Death is all around us. Sometimes it hits us in the face.
In March, my dog Pugsy died. Less than a week ago, my dog Elvis died. Elvis was originally my mom's dog that I inherited when she died from pancreatic cancer five years ago next month. Tomorrow is the six-year anniversary of my dad passing. Next week is the anniversary of the death of my boyfriend's mom.
To top it off, Monday, the man beside me at dialysis died during treatment. I have known him for a while, even though I don't know his name. Some called him "Slim". We exchanged pleasantries for the most part.
Monday, he arrived in a wheelchair, instead of his usual walker. His beautiful smile and hello were replaced with a blank stare. I noticed his super-skinny leg sticking out of his pant leg. The normally spry fellow seemed frail.
About an hour into treatment, there was a great commotion next to me. Chest compressions. Defibrillator attempts. Emergency personnel. It all happened so quickly. He was out the door on a stretcher in a manner of minutes.
Death tends to be an uncomfortable subject. It conjures up feelings of grief. It makes us face our own mortality. We all know death is coming for everything and everyone. Dogs die. Parents die. The commonality of it doesn't make it any less difficult.
Those of us on dialysis are cheating death. For whatever reason, our kidneys turned against us. In another time or place, that would have meant death. Through every treatment, we steal another day. Eventually, cheaters get caught. But until then, I'll keep cheating three days a week.
- There are currently 121,678 people waiting for lifesaving organ transplants in the U.S. Of these, 100,791 await kidney transplants. (as of 1/11/16) 1
- The median wait time for an individual’s first kidney transplant is 3.6 years and can vary depending on health, compatibility and availability of organs.2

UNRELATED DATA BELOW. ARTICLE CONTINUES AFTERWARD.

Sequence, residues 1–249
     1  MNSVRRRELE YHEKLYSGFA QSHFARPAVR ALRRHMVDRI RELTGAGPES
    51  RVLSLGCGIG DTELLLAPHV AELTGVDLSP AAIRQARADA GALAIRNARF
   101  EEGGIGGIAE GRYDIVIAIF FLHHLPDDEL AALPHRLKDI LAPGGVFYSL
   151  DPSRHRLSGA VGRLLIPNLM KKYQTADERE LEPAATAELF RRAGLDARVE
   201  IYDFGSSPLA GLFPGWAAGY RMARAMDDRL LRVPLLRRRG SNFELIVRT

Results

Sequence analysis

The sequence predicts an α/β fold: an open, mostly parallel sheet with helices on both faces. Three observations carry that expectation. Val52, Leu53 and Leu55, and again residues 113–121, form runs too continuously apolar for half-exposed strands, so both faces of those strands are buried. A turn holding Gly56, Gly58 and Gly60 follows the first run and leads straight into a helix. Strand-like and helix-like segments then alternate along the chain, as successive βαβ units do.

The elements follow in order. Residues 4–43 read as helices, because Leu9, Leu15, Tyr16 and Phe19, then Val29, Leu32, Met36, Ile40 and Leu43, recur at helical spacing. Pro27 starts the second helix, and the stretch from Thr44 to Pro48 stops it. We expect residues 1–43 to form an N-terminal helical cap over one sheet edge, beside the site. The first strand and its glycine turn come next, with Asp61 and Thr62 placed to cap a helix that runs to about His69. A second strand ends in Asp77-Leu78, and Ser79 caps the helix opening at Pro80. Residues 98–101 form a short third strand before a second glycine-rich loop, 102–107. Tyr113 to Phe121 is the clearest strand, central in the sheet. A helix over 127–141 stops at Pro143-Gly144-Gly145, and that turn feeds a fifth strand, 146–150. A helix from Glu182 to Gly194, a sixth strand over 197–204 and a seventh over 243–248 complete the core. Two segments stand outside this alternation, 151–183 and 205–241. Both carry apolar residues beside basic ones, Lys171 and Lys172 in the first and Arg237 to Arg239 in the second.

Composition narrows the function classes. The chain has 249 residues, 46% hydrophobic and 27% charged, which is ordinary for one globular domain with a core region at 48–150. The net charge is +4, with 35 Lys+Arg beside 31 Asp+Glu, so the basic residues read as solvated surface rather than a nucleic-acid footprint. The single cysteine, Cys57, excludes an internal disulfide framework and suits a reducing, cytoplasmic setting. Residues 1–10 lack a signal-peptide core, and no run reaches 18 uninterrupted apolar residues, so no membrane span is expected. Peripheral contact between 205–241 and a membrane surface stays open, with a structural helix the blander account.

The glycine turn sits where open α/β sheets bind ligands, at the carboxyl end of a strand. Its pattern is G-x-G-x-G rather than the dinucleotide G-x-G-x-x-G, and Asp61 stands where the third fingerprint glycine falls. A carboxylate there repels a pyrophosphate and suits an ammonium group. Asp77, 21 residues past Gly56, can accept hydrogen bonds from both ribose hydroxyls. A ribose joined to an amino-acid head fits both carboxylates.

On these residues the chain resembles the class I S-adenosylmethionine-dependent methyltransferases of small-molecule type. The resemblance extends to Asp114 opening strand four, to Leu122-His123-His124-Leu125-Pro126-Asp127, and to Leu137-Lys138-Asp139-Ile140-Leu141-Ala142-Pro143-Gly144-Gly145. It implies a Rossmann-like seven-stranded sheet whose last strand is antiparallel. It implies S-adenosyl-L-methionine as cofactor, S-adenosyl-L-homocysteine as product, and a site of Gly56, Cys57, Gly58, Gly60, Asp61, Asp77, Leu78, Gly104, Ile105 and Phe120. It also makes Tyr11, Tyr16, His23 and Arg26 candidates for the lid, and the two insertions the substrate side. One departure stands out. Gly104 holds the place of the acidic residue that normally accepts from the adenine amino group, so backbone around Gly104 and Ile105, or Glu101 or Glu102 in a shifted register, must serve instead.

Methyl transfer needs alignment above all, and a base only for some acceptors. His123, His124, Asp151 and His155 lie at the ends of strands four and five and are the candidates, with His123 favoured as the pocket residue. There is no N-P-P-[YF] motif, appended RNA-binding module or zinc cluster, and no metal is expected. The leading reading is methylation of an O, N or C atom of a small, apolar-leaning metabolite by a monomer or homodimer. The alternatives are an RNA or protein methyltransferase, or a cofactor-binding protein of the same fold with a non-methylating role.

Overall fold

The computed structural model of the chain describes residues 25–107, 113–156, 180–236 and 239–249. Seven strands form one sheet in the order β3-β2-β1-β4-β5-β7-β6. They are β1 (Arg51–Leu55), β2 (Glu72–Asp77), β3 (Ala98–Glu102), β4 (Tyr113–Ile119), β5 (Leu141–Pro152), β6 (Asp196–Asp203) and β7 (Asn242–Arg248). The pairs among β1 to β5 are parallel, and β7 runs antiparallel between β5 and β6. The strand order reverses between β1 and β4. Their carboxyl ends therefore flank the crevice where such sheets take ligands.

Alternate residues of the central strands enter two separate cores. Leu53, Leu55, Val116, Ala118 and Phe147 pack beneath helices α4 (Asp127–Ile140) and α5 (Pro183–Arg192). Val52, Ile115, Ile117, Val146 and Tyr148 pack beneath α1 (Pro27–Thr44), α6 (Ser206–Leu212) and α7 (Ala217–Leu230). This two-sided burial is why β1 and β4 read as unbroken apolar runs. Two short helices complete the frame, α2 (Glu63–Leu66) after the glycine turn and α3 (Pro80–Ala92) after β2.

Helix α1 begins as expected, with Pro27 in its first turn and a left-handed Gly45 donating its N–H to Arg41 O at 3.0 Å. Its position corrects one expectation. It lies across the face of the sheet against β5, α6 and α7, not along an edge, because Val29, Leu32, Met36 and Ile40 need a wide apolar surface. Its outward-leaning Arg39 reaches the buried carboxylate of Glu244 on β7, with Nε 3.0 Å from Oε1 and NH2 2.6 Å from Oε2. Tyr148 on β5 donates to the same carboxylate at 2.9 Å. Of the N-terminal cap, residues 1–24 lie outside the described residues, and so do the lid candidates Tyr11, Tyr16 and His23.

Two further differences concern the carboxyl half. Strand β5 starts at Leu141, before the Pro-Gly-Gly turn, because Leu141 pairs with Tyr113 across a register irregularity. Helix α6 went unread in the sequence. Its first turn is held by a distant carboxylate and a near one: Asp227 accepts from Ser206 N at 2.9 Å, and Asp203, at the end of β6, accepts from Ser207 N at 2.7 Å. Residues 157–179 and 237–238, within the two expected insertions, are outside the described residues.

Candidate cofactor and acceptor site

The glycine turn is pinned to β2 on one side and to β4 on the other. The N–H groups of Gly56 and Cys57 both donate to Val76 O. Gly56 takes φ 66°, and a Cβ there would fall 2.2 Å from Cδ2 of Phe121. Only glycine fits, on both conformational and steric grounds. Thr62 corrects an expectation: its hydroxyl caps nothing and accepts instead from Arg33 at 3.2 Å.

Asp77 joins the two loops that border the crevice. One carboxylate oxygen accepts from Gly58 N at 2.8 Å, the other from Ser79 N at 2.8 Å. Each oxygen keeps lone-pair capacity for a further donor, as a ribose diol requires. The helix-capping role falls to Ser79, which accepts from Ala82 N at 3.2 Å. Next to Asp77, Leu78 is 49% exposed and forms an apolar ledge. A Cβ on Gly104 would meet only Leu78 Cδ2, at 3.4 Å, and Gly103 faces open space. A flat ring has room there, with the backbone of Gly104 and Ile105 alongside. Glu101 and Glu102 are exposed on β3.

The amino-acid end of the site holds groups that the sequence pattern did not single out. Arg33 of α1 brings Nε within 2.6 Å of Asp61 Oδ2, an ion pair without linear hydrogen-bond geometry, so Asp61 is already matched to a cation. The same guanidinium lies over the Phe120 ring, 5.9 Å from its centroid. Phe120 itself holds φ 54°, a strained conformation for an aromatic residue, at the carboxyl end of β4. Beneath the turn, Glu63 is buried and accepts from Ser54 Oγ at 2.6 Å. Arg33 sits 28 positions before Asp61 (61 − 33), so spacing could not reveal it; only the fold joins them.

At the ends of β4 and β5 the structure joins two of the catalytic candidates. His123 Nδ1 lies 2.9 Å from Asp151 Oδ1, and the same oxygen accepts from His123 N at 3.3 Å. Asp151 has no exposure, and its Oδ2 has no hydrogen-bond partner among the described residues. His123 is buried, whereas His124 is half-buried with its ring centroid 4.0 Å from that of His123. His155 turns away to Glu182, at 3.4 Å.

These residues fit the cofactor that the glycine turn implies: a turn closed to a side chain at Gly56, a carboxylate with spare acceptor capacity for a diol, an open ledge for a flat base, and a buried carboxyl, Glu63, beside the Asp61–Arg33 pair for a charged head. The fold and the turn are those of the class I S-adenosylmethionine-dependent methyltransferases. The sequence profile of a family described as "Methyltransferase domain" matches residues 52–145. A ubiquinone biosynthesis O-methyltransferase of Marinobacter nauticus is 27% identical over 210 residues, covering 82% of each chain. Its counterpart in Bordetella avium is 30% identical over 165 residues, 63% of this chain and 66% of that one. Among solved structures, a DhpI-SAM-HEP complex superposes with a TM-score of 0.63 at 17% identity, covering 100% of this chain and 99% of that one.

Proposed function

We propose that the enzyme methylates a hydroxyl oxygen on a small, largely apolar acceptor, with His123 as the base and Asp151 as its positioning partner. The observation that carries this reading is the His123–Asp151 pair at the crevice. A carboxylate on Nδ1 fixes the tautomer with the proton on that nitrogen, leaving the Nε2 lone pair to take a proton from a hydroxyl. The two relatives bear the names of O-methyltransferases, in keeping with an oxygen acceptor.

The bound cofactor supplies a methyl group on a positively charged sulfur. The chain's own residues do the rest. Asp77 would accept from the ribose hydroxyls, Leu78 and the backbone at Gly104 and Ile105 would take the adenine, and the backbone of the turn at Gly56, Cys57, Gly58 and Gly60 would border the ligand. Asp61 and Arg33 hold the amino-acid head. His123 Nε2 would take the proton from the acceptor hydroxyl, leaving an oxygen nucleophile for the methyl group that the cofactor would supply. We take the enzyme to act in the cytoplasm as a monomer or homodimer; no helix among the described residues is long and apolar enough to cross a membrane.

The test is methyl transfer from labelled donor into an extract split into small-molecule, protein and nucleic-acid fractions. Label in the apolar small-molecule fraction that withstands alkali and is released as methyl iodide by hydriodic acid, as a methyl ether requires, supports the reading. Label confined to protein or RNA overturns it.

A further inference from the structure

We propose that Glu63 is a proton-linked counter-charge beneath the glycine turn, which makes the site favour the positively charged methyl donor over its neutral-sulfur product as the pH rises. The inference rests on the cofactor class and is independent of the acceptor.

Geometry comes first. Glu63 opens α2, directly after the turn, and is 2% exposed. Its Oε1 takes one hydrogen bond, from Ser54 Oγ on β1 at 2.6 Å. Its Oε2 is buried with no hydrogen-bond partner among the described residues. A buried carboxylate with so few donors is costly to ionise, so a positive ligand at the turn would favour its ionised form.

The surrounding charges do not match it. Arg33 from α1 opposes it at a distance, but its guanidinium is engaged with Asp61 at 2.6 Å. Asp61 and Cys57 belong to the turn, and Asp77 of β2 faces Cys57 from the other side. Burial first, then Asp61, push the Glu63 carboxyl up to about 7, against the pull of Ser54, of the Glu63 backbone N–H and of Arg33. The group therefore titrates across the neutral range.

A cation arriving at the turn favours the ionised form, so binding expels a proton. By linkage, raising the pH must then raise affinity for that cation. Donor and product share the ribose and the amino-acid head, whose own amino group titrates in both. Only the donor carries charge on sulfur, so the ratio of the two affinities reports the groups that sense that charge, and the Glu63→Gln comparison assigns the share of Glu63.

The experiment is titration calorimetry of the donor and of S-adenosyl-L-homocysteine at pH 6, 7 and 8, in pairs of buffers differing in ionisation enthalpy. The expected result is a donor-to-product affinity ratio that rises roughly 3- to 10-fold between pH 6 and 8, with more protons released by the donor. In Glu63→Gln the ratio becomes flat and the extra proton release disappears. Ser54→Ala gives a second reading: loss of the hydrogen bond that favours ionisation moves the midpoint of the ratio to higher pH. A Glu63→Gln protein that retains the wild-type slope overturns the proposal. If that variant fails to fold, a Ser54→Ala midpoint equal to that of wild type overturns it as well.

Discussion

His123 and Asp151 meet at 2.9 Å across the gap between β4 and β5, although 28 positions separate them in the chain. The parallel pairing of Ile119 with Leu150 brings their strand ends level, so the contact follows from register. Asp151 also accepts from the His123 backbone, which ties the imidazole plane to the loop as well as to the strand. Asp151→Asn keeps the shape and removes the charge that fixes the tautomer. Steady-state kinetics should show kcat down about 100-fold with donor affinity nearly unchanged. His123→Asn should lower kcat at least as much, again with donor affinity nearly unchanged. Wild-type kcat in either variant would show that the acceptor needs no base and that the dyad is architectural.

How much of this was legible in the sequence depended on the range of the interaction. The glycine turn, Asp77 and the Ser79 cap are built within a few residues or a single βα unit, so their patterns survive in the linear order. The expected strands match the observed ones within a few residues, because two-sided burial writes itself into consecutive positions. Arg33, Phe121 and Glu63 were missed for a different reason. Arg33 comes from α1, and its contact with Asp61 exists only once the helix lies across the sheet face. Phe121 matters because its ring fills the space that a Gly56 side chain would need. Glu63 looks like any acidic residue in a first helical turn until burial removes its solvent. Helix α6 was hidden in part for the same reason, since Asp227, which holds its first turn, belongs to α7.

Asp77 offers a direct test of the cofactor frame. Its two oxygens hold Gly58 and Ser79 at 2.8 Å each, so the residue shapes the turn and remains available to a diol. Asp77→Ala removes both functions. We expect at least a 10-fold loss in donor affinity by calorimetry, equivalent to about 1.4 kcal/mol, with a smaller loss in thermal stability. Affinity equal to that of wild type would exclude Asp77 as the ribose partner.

- In 2014, 17,107 kidney transplants took place in the US. Of these, 11,570 came from deceased donors and 5,537 came from living donors.1
- Over 3,000 new patients are added to the kidney waiting list each month.1
- 13 people die each day while waiting for a life-saving kidney transplant.1
- Every 14 minutes someone is added to the kidney transplant list. 1
- In 2014, 4,761 patients died while waiting for a kidney transplant. Another, 3,668 people became too sick to receive a kidney transplant.1
Facts and statistics provided by the United States Renal Data System, UNOS, and the U.S. Department of Health & Human Services Organ Procurement and Transplantation Network (OPTN) and Scientific Registry of Transplant Recipients (SRTR) Annual Report.
These statistics do not take into account the number of dialysis patients, like me, who do not qualify to get a transplant. According to the US Dept of Health and Human Services, at the end of 2009, 398,861 ESRD patients were being treated with some form of dialysis. So, only about a fourth of people on dialysis are eligible for transplant.